I had the honor to spend the day listening to an engaging conversation with university leaders, policy makers and advocates from around the country. Tisch College, where I work, hosted the White House’s Civic Learning and National Service Summit – a day long conversation focused on validating, elevating and integrating civic learning in higher education.
A lot of critical issues – and stories to celebrate – were raised throughout the day. I’m afraid I haven’t quite synthesized these into a concise and compelling format, but here are a few of the ideas that I am walking away with –
Civic learning is more than civic engagement. It is broader and it is deeper. It’s not just about engaging students in civic work, it’s about preparing students and educating them to be continually engaged in civic work, to the best of their abilities.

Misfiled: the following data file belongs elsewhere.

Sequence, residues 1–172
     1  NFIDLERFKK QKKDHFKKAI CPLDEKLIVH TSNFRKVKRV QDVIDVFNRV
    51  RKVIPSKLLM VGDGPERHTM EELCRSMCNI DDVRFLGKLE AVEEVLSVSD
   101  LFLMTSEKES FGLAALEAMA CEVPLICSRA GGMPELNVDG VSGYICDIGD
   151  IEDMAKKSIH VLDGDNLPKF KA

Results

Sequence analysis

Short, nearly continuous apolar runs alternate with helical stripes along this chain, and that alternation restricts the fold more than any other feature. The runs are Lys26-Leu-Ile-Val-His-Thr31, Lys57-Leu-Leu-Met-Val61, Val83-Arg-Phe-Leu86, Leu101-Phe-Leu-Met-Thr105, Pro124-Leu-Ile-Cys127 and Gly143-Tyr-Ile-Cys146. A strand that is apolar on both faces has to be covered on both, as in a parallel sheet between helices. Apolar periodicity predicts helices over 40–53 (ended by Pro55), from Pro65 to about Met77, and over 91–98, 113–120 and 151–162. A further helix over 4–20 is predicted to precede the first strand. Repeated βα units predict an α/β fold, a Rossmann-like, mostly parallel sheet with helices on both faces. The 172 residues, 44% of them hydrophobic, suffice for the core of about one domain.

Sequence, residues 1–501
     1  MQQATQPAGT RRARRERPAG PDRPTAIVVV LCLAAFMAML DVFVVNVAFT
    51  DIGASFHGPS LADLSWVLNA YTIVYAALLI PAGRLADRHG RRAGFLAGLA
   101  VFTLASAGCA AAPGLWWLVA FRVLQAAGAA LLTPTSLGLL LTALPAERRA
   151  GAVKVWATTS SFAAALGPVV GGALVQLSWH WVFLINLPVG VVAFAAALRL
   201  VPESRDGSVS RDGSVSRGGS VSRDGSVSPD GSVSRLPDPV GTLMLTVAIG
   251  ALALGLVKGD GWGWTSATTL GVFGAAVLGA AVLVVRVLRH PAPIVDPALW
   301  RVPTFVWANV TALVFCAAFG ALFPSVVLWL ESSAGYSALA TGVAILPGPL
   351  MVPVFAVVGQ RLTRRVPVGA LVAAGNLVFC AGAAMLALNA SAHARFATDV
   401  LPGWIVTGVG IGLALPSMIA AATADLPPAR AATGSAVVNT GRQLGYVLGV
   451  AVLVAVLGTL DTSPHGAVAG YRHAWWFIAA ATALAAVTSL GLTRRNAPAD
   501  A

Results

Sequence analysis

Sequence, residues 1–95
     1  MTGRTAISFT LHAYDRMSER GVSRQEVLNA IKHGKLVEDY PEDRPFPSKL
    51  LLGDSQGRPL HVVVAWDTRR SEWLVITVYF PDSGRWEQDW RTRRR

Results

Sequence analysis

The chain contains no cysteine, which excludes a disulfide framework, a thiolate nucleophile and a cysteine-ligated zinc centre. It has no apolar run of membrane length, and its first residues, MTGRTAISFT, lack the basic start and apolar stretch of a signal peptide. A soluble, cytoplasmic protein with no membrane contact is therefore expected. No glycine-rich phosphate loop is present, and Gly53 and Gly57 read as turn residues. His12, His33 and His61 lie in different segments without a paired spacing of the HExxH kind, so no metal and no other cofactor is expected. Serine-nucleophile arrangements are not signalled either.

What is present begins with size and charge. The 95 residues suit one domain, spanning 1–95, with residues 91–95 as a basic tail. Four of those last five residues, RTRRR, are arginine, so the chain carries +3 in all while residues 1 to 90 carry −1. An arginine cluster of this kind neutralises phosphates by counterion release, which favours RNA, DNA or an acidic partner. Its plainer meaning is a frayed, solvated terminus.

It is about embracing higher education, not as something which can propel an individual to success, but as something which can fundamentally strengthen our democracy.
And embracing civic learning isn’t just a program shift, it is a culture shift. It means creating environments where faculty dedicated to civic learning can thrive. Where staff can dedicate their careers to helping young people and communities flourish.
There is much work to be done – in higher education as in other sectors. But there are many successes to celebrate and many allies deeply engaged in this work. Nothing gets solved in a one day meeting, but the conversation is important.
And the conversation continues.